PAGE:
Kuhlau is a composer whose name you might
have heard, or whose music you might just have come across in
one of those albums of teaching pieces. He came from a musical
family in Germany, son and grandson of town and regimental musicians.
He studied in Hamburg with a pupil of C.P.E. Bach.
In 1804, still in
Hamburg, he started his career as a pianist. But in 1810 the
city was invaded by Napoleon and Kuhlau avoided military service
only because he was blind in one eye - the result of a childhood
He fled to Copenhagen
where he attempted to establish himself as a pianist and composer
making his first appearance as a pianist at court in 1811. Naturalised
in 1813, he received a court appointment, but this remained
largely unpaid. He had some success with his singspiel Robber's
Castle and made a name for himself as a pianist throughout
Scandinavia. Joined in Scandinavia by his parents and sisters
who were financially dependent on him; despite his successes,
his life seems to have remained something of a financial struggle.
He visited Berlin,
Leipzig and Vienna on occasions. In 1825 he managed to spend
the evening with Beethoven and friends though the alcoholic
haze meant that he had no strong recollections of this meeting.
In 1830 his parents
died. The year after there was a serious fire at his house near
Copenhagen and a large number of his unpublished compositions
were destroyed. This seems to have had a deleterious effect
on his health and he died in 1832.
His surviving body
of music includes quite a bit of chamber music for flute; his
Sonatas for Flute and Piano published in 1827, earned him the
nickname 'the Beethoven of the Flute'. Kuhlau did not play the
flute, but benefited from the advice of a flautist in the Copenhagen
theatre orchestra. His flute pieces include duos, trios and
quartets for unaccompanied flutes.
On this disc the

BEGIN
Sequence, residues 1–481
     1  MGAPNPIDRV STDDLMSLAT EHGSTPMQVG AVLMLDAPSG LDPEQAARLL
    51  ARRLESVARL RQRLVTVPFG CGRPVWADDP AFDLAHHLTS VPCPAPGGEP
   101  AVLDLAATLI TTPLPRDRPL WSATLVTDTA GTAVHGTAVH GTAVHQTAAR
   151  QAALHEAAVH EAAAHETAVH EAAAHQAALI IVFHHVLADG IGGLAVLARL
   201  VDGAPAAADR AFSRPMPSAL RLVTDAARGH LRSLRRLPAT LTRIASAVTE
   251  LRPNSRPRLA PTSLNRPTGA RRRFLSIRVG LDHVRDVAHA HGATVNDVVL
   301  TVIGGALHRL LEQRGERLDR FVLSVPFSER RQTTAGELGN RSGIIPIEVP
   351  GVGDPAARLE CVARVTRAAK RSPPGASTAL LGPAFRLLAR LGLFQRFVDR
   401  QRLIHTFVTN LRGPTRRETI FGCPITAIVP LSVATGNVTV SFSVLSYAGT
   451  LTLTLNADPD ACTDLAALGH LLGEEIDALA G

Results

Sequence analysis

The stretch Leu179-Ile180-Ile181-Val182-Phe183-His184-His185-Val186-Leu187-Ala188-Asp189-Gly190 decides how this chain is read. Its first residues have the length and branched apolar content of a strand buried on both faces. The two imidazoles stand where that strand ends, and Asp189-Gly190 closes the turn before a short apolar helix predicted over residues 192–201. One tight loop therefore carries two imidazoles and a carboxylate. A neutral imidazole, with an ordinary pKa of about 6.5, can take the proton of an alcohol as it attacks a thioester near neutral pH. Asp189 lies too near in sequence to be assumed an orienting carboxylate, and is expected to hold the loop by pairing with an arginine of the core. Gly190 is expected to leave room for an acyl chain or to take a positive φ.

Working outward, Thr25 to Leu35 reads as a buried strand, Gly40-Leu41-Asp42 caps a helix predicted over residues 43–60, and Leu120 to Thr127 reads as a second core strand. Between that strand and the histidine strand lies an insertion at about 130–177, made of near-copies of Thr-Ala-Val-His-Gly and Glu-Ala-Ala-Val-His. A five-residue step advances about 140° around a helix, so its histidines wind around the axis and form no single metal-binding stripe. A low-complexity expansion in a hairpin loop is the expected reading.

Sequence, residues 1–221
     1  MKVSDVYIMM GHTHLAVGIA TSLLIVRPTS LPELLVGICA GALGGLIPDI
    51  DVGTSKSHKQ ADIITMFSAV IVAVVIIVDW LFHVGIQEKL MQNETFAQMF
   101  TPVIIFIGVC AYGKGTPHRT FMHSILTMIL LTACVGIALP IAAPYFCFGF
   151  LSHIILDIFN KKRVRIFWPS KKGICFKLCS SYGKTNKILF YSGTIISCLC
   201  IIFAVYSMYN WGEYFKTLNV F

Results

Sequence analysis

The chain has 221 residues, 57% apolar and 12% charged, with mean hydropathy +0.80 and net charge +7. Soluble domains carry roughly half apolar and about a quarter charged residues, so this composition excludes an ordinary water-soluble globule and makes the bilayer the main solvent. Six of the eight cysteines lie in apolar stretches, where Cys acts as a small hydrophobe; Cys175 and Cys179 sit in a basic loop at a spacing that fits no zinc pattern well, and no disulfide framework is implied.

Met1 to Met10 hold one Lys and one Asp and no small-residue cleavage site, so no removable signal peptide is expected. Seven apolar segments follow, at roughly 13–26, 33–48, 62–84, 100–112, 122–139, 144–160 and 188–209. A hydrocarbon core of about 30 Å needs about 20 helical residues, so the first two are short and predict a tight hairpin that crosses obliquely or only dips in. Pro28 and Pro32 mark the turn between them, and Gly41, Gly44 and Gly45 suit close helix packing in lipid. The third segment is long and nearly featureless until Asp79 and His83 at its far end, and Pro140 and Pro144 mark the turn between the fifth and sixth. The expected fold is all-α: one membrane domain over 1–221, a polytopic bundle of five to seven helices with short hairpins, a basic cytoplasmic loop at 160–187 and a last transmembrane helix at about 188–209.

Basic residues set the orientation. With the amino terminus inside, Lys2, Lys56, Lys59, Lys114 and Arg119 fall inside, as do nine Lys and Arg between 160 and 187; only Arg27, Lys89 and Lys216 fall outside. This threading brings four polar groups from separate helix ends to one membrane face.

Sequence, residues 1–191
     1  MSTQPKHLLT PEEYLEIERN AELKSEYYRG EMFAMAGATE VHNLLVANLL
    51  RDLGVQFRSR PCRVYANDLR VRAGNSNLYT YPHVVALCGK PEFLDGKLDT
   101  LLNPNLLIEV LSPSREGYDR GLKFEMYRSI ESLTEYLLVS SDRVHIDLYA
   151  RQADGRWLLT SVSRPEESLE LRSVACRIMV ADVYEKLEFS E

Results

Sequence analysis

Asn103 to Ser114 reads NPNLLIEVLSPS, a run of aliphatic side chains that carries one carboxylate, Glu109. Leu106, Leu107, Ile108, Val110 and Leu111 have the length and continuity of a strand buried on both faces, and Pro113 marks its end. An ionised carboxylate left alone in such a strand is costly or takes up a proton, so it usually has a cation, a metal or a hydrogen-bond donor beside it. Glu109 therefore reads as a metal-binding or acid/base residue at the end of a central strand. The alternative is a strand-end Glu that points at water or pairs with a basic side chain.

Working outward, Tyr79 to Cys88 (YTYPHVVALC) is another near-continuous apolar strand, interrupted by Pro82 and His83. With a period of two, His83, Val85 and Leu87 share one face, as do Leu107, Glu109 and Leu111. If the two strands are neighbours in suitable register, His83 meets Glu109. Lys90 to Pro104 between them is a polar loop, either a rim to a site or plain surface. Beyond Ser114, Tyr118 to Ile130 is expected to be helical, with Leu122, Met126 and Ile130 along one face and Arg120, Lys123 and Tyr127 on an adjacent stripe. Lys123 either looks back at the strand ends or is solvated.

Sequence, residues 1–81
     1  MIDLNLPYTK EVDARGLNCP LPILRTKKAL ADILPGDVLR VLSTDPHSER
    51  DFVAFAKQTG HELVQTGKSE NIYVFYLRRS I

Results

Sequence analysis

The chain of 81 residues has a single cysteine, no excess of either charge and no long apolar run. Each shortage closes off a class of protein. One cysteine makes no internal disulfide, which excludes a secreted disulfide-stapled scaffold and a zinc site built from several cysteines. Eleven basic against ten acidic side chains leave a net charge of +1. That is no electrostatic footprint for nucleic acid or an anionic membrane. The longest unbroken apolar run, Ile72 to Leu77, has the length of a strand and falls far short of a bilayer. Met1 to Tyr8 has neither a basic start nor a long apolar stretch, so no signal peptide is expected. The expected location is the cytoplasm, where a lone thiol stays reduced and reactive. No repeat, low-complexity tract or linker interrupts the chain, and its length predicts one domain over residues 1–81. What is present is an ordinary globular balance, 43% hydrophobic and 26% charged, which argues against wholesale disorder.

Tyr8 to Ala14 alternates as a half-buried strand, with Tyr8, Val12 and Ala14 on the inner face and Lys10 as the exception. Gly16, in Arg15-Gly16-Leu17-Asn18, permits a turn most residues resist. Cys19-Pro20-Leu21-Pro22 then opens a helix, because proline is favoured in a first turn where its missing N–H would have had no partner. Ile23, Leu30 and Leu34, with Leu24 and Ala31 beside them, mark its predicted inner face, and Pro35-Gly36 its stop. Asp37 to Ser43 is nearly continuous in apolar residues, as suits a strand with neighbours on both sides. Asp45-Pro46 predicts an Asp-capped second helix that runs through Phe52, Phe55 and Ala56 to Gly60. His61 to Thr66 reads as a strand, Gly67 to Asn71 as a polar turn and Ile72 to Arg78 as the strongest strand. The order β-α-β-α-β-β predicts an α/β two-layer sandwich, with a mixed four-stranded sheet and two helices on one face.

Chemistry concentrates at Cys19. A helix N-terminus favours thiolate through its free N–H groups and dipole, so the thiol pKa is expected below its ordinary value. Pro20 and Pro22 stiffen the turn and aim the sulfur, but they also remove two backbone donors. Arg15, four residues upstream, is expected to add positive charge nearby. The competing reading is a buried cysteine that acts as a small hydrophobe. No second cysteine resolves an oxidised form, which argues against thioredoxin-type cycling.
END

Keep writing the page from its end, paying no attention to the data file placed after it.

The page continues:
European Flute Trio play five of Kuhlau's flute trios. The Grand
Trio in B minor, op. 90 was published in 1828 and is the most
virtuosic of all the pieces on the disc. The three trios op.
13, were published in 1815, and the Trio in E minor, op. 86
no. 1 was published in 1827.
Kuhlau wrote quite
a bit of salon music and the salon is never very far away in
these piece, no matter how classically and seriously they are
constructed. The Grand Trio has a strong whiff of the virtuoso
salon showpiece which was popular in the 19th century.
The remaining trios are charming works, quite substantial in
length. They were probably written for talented amateurs to
play rather than as concert works.
The European Flute
Trio (Antonio De Matola, Maxence Larrieu and Carlo de Matola)
play these pieces as if to the manner born. They have no trouble
at all with the virtuoso elements required and produce cascades
of beautiful, liquid sounds. The three players balance nicely
and create a good feeling of ensemble whilst remaining three
distinct voices. Both De Matolas were pupils of Maxence Larrieu,
which probably helps with the group's cohesion.
There were occasions
when I thought that the recording was a little too close: we
can hear slightly too much detail in the breath and beating
in the flute tone. But this is a small point and does not prevent
Frankly, I was rather
surprised at how much I enjoyed this disc. A whole CD of music
for three unaccompanied flutes could be a little daunting. But
Kuhlau's music has charm, lightness and strength of construction
and this is brought out in these performances.
Do try the disc,
you will hear some charming music and some superb flute playing.